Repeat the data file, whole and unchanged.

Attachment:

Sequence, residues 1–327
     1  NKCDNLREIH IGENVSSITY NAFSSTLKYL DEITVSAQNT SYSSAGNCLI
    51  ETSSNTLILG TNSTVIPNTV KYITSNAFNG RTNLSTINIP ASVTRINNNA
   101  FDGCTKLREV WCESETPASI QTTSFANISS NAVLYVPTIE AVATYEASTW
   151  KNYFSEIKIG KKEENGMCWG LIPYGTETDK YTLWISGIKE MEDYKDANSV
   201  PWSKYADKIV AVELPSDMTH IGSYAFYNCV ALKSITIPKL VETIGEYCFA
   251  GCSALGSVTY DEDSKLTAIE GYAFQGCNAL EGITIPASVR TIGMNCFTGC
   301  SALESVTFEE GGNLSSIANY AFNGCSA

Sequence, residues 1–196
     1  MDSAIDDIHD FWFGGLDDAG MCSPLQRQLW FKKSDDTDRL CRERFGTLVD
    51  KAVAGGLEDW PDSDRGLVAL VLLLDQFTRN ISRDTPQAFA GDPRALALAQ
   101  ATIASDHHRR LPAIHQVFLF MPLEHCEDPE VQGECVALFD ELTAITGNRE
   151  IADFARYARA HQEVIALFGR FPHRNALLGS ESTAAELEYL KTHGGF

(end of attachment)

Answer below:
Sequence, residues 1–327
     1  NKCDNLREIH IGENVSSITY NAFSSTLKYL DEITVSAQNT SYSSAGNCLI
    51  ETSSNTLILG TNSTVIPNTV KYITSNAFNG RTNLSTINIP ASVTRINNNA
   101  FDGCTKLREV WCESETPASI QTTSFANISS NAVLYVPTIE AVATYEASTW
   151  KNYFSEIKIG KKEENGMCWG LIPYGTETDK YTLWISGIKE MEDYKDANSV
   201  PWSKYADKIV AVELPSDMTH IGSYAFYNCV ALKSITIPKL VETIGEYCFA
   251  GCSALGSVTY DEDSKLTAIE GYAFQGCNAL EGITIPASVR TIGMNCFTGC
   301  SALESVTFEE GGNLSSIANY AFNGCSA

Sequence, residues 1–196
     1  MDSAIDDIHD FWFGGLDDAG MCSPLQRQLW FKKSDDTDRL CRERFGTLVD
    51  KAVAGGLEDW PDSDRGLVAL VLLLDQFTRN ISRDTPQAFA GDPRALALAQ
   101  ATIASDHHRR LPAIHQVFLF MPLEHCEDPE VQGECVALFD ELTAITGNRE
   151  IADFARYARA HQEVIALFGR FPHRNALLGS ESTAAELEYL KTHGGF